Washington — Energy prices are sliding following OPEC's failure last week to reduce crude oil production. The price of a barrel of crude was driven below $15 on New York commodity markets yesterday. The price of West Texas intermediate, the benchmark United States crude, touched as low as $14.90 a barrel before bouncing back to $15.50 by noon. Over three days, oil has plunged $2 a barrel.
The spot, or current, price of oil is becoming more important as more oil contracts are pegged to short-term prices.
The collapse in oil prices is rippling through the economy. On Wall Street, the Dow Jones industrial average is up more than 200 points in the past eight trading sessions.
The falling oil price also triggered a rally in the bond market, driving interest rates down. In Washington, the White House is reevaluating its economic forecast for 1988.
The falling price of oil comes as a welcome holiday gift for the economy as a whole. Donald Ratajczak, an economist at Georgia State University, estimates every $1 decline in the price of oil lowers the inflation rate 0.2 percent.
As a result, Mr. Ratajczak has lowered his inflation forecast for next year by 0.4 percent to 4 percent.
The current slump is reminiscent of the way prices fell in the spring of 1986. Oil oozed to $10 a barrel, cutting the nation's inflation rate dramatically.
For most consumers, the immediate impact will be lower gasoline prices. If oil holds at current levels, or falls further, gasoline prices could fall 7 to 8 cents a gallon over the next few months, estimates Dennis Eklof, director of downstream markets for Energy Research Associates.
The move comes too late to have much of an effect on home heating oil this winter, because oil companies have refined this product from oil bought at higher prices.
With energy prices down, consumers will have more spending money, which could give the economy a little more kick, says economist Dan Mitchell of Consumers for a Sound Economy, a Washington public interest group. ``GNP will be higher than some people expect,'' he says, and ``this could help such segments as the auto industry.''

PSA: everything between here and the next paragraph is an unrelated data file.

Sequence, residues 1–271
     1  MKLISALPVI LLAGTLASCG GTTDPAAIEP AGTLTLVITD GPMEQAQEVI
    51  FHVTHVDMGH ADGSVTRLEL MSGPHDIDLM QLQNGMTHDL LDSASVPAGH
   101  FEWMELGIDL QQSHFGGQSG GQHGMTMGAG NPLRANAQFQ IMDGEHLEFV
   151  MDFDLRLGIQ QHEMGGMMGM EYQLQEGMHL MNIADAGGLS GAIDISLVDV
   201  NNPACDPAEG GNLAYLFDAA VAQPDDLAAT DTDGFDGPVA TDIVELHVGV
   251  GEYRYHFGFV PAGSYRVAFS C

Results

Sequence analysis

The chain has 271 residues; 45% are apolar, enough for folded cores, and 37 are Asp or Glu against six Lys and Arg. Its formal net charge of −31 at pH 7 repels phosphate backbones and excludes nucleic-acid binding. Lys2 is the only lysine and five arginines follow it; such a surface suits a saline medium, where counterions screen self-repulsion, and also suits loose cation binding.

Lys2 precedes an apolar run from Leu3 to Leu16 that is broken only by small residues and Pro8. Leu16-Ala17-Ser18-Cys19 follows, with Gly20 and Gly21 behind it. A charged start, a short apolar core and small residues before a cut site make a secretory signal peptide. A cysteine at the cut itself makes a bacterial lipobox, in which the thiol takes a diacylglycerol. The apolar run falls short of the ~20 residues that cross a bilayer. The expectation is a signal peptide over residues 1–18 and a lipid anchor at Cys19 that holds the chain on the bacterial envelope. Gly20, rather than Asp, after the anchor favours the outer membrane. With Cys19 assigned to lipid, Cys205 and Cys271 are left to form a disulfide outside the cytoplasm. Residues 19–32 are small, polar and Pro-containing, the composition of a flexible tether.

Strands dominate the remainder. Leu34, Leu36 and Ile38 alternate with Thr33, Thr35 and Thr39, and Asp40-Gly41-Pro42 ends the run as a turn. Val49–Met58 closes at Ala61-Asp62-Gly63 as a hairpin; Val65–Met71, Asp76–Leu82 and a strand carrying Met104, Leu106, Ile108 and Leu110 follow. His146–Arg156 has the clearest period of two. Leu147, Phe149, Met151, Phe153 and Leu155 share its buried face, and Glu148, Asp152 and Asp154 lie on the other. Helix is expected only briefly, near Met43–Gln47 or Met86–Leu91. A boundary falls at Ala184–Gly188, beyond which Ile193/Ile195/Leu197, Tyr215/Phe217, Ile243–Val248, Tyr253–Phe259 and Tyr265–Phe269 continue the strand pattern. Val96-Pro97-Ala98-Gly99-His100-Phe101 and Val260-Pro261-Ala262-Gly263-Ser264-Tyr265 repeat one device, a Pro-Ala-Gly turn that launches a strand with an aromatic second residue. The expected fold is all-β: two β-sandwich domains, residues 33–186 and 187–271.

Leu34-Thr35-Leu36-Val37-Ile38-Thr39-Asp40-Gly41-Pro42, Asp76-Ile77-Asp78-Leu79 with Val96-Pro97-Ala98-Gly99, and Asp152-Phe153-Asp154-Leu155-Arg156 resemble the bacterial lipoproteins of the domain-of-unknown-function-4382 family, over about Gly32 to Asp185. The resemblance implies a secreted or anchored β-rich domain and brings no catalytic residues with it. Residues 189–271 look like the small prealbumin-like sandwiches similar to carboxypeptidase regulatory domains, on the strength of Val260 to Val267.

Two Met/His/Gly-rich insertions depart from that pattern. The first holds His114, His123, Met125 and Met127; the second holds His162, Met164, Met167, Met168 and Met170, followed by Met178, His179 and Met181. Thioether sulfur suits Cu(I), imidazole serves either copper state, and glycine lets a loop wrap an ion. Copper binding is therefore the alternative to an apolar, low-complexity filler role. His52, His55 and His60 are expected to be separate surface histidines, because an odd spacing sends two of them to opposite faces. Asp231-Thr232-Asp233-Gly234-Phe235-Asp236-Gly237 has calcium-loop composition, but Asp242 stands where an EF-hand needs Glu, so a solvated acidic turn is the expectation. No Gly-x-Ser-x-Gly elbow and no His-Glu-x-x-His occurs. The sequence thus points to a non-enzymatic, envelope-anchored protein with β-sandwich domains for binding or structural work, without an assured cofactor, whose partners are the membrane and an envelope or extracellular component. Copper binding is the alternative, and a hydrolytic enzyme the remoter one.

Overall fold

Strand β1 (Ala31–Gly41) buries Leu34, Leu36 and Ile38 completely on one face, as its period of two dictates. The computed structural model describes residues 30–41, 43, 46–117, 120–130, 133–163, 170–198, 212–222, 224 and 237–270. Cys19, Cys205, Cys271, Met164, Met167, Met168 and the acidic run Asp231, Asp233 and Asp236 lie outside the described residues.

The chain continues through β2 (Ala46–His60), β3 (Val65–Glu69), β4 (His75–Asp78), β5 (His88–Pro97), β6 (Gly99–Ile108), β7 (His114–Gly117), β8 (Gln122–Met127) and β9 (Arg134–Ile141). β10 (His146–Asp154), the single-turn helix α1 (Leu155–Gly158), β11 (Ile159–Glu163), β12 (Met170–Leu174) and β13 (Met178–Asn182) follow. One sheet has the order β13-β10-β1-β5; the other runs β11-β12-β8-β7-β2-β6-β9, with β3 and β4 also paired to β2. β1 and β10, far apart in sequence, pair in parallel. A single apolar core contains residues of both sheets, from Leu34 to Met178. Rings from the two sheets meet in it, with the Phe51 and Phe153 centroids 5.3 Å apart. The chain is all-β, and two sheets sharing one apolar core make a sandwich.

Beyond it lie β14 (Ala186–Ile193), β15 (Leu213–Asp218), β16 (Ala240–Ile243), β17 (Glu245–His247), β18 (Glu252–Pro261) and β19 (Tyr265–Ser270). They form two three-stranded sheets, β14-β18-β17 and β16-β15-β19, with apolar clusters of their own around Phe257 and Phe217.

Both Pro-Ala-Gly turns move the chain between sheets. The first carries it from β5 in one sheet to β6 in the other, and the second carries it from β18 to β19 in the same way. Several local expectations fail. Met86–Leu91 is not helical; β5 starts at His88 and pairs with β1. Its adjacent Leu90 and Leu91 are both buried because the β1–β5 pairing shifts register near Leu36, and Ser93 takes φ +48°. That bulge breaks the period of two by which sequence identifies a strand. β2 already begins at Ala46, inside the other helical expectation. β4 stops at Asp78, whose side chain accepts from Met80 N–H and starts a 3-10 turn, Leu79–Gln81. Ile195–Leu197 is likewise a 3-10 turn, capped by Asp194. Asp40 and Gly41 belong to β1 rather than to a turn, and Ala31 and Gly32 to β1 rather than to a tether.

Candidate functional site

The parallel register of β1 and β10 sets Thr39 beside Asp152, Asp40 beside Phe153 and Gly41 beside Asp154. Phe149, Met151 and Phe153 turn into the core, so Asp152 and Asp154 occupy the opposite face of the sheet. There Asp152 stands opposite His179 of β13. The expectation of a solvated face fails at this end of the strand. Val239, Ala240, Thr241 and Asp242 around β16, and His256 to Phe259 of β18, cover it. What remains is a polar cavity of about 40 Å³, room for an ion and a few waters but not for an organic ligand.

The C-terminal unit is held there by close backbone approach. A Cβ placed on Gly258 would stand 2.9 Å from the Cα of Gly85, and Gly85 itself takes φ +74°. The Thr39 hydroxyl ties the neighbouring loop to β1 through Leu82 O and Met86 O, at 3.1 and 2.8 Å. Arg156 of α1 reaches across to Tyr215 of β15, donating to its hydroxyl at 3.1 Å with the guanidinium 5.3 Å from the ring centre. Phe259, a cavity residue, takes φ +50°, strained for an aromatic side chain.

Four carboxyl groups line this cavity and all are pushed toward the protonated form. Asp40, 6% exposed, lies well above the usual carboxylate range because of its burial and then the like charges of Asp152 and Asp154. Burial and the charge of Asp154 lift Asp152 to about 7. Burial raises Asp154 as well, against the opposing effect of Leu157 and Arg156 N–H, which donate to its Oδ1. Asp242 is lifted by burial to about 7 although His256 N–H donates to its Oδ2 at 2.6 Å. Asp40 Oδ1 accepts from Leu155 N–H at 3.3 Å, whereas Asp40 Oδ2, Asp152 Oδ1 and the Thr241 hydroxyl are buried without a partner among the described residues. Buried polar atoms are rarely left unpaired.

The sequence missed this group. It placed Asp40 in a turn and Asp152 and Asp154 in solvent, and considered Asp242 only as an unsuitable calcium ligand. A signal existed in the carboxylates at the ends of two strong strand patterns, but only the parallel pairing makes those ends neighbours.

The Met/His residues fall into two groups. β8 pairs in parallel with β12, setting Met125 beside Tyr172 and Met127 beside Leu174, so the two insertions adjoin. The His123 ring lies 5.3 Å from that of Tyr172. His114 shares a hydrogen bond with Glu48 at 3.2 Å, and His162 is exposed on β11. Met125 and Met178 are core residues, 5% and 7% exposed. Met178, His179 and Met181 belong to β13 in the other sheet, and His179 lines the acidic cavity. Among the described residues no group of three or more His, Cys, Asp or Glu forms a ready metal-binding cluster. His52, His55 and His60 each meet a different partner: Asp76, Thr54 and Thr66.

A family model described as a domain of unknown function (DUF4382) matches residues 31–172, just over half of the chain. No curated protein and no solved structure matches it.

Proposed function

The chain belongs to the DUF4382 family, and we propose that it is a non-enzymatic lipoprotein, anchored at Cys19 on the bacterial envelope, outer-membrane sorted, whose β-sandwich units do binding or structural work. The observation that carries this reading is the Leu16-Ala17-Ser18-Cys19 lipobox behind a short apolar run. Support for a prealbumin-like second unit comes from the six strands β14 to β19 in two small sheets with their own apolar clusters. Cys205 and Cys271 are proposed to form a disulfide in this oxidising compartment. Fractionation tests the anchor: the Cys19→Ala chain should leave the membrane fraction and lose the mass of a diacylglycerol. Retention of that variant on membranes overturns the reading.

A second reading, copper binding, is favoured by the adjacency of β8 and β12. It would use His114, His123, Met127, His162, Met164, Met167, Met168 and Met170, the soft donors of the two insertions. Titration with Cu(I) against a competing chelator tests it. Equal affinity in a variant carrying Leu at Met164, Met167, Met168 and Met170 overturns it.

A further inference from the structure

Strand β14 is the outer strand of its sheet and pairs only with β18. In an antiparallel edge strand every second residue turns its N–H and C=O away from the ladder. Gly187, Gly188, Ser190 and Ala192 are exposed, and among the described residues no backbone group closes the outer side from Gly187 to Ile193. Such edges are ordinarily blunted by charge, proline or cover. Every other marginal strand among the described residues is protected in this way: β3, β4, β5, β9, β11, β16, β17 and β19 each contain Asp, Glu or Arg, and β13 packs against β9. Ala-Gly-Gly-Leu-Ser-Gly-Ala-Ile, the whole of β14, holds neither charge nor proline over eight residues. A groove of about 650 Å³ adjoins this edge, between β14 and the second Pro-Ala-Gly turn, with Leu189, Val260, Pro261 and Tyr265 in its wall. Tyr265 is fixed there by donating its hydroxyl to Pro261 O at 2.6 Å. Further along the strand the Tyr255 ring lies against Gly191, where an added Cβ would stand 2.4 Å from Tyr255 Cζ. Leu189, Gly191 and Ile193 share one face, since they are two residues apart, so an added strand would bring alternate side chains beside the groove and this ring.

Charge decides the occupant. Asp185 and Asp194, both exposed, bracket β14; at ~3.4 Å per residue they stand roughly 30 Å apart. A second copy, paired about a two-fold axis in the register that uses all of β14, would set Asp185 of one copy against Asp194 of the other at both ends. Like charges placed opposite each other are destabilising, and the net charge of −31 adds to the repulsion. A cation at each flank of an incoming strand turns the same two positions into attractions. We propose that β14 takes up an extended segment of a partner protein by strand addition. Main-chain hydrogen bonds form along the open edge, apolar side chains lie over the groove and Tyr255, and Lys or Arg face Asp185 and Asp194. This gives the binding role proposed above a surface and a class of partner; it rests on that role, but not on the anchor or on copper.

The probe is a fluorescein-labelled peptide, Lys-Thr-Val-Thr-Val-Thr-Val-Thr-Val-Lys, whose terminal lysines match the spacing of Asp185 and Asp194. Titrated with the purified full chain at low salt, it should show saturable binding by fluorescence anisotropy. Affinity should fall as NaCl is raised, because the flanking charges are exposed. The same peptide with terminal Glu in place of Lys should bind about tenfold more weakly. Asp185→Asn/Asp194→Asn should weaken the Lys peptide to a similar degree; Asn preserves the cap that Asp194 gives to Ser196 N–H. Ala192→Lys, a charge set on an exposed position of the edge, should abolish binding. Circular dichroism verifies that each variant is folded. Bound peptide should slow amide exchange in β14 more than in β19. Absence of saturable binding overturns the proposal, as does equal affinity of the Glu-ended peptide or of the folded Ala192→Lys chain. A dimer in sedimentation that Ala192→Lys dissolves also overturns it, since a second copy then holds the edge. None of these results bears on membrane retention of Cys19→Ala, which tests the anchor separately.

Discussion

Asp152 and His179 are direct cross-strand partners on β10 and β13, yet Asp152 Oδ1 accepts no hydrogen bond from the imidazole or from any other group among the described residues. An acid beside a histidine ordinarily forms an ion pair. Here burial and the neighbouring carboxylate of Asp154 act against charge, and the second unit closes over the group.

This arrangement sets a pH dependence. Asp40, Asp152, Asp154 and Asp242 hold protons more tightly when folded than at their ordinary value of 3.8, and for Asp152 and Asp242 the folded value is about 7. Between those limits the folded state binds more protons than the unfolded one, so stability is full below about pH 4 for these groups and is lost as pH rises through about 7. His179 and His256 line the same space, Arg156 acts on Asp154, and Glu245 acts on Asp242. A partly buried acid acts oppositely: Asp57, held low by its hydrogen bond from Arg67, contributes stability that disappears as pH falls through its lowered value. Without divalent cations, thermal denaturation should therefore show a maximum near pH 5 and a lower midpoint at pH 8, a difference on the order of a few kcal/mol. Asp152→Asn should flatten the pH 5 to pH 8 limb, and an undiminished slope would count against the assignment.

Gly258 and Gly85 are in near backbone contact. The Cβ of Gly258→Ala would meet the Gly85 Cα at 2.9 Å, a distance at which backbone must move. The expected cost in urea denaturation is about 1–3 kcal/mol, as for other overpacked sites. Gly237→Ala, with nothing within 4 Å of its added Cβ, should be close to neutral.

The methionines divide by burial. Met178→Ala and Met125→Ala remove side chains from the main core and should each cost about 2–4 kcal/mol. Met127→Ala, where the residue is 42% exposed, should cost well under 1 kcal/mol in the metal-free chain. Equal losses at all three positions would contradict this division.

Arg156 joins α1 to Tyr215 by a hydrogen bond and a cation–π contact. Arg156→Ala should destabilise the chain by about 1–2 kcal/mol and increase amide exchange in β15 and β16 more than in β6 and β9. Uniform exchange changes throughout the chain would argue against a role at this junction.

The fall will also help the US in its battle to lower its trade deficit. Already, economists estimate the lower price will shave at least $5.1 billion annually off the trade deficit, which this year is running at about $170 billion.
For the nation's oil belt, however, the price collapse ``puts the oil industry in cold storage,'' says James McKie, an economics professor at the University of Texas at Austin. Two years ago when the price fell, the unemployment rate in Texas swelled as oil producers laid off workers. Already this is starting to happen again. On Wednesday, Phillips Petroleum Company said it would let go 2,250 employees.
``We're right at the level of what it cost to lift oil,'' says Sen. Don Nickles (R) of Oklahoma, ``and if the oil price goes down any more, we will see a real curtailment in production.'' Senator Nickles says the last industry downturn cost 700,000 barrels a day in domestic production as producers shut down marginal wells. ``I'm concerned we will become dependent on unreliable foreign sources of crude,'' he says.
Lower oil prices will also temporarily stifle oil companies' interest in searching for new oil sources.
``Confidence has been shattered,'' says G. Henry Schuler, a former oil executive who is now at the Center for Strategic and International Studies. ``This lower price affects all energy decisions,'' he says.
The fall may continue for some time, Mr. Eklof predicts, with oil sliding to $12 a barrel. At that price it might appear attractive to big oil buyers, thus stopping the slide. The fall could also be arrested if the Organization of Oil Exporting Countries can convene another meeting and curtail members' production. No such meetings are currently scheduled.
The oil cartel has set production for its members at 16.5 million barrels of crude a day. Actual production, however, is 18 to 18.5 million barrels a day, with such oil-rich countries as the United Arab Emirates and Iraq producing far more than their quotas. ``The market is awash in crude,'' Eklof says.
The OPEC problems, Mr. Schuler says, reflect the lack of leadership of Saudi Arabia, the largest OPEC producer. ``If the Saudis were worried about the oil markets, they could lean on the excess producers,'' he maintains.